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Çengelhan March 1, 2010

Posted by Steven Bartus in Turkish Cuisine.
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This weekend I sought the very best dining experience that Ankara has to offer. On most days I’m usually quite content to eat good-quality Turkish food prepared cheaply and without pretension, something one gets at my favorite eatery, Çukurağa Sofrası. But I felt the time had come to test the culinary potential of this city. To do so I visited Çengelhan, the brasserie operated by the Divan Group in the Rahmi M. Koç Museum.

Çengelhan has frequently received great praise when I have asked for dining recommendations. It has also been mentioned by the foreign press as a top place to eat when visiting Ankara. The New York Times writes in its city guide:

As yet another one of Koç’s babies (which include the Divan group of hotels, restaurants, and patisserie), the brasserie offers best in quality and creativity with a menu that gained it membership in the prestigious culinary Chaines des Rotisseurs.

With so many positive reviews in mind, three friends and I went to dinner on Saturday night with high expectations. In the end we found Çengelhan to be a mixed bag: While the dining experience is quite novel, the quality of food falls short of remarkable.

Eating aside, it’s worth dining at Çengelhan simply to take in the surroundings. The restaurant is situated in the glass-covered courtyard of the museum with the tables placed amidst the exhibits. I can safely say it’s the first time I’ve eaten with a biplane hovering above my head and an antique car parked beside me. The service at Çengelhan was impeccable as well. Prompt, courteous and accommodating, the waiters made the meal a very pleasant affair. And for my Anglophone audience, it’s also worth noting that they spoke excellent English.

To begin our meal my friends and I sampled a range of starters, including the içli köfte, artichoke hearts, a selection of dolma and the prawns rolled with kadaif. All were decidedly underwhelming. By no means were they bad, but it would be incorrect to say they were vastly superior to something from a restaurant of lesser repute (and expense). We expected something more dynamic and creative from Çengelhan.

With our expectations diminished by the mediocre starters, we braced ourselves for disappointment when our entrées arrived. Fortunately, we were pleasantly surprised with a tasty meal. The winner of the night was the Halep işi kebap, sort of an iskender-like dish with Arabic influence. The Ankara kuzu tava (lamb shank) was also skillfully prepared and very tender. Finally, the dana beǧendi (braised beef cubes in an eggplant purée) was pleasing, but way too small for anyone with a reasonable appetite.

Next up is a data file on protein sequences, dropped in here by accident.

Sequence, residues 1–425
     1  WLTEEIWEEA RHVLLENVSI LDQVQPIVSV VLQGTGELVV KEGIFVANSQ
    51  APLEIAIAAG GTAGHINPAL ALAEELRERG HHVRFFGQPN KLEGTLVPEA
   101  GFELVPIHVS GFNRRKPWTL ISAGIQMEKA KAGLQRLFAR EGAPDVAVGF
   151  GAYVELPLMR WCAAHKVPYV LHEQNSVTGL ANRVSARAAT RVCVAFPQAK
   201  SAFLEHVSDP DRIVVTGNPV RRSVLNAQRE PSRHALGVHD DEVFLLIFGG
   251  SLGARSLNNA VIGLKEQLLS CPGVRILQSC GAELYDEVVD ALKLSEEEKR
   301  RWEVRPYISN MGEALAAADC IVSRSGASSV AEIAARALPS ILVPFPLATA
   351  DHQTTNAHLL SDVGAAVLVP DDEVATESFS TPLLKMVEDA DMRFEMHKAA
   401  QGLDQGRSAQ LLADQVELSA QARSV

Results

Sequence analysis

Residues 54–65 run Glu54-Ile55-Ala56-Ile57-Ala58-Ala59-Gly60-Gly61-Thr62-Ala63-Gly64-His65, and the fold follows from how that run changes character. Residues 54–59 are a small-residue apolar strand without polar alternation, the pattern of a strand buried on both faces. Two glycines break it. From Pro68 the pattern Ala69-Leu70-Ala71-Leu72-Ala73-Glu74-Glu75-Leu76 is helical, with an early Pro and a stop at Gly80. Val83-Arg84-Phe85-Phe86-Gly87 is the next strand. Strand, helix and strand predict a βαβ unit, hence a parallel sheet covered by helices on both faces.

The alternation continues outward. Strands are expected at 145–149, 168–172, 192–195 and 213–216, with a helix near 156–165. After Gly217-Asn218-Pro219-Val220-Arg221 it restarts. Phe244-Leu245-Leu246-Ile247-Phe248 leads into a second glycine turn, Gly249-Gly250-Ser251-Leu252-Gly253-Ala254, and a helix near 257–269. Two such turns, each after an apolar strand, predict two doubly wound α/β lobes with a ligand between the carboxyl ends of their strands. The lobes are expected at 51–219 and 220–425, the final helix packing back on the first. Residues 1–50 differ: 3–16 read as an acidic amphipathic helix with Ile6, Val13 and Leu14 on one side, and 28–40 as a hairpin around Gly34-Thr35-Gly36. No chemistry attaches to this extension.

While our entrées were all quite good, none of us left with the impression that Çengelhan offered the best meal in Ankara. The food was expertly prepared and we appreciated the emphasis on traditional Turkish cuisine. But I didn’t feel a burning desire to return the next day, as is often the case when I eat at a truly remarkable restaurant. Simply put, the menu at Çengelhan is too safe. It’s designed to appeal to a very large audience by doing classic dishes very well and without taking unnecessary risks. For many diners, this is an ideal meal. For me, however, I liked to be challenged by the chef to view food in a different light. I want to taste something more than the technical ability of the kitchen. This level of excellence is required for me to apply a superlative label to any restaurant.

The Koç Museum is located in Altındağ (near Ulus), opposite the entrance to the Citadel (Google Maps). By Ankara standards, Çengelhan is an expensive establishment: Starters average around 17TL ($11 at 1.54TL/$) and entrées are priced between 26TL and 35TL ($17 to $23).

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1. Kalbur « Eating Ankara - March 8, 2010

[…] March 8, 2010 Posted by Steven Bartus in Turkish Cuisine. Tags: seafood trackback Although last week’s attempt to find superlative dining in Ankara came up short, I continued the search this weekend with a […]


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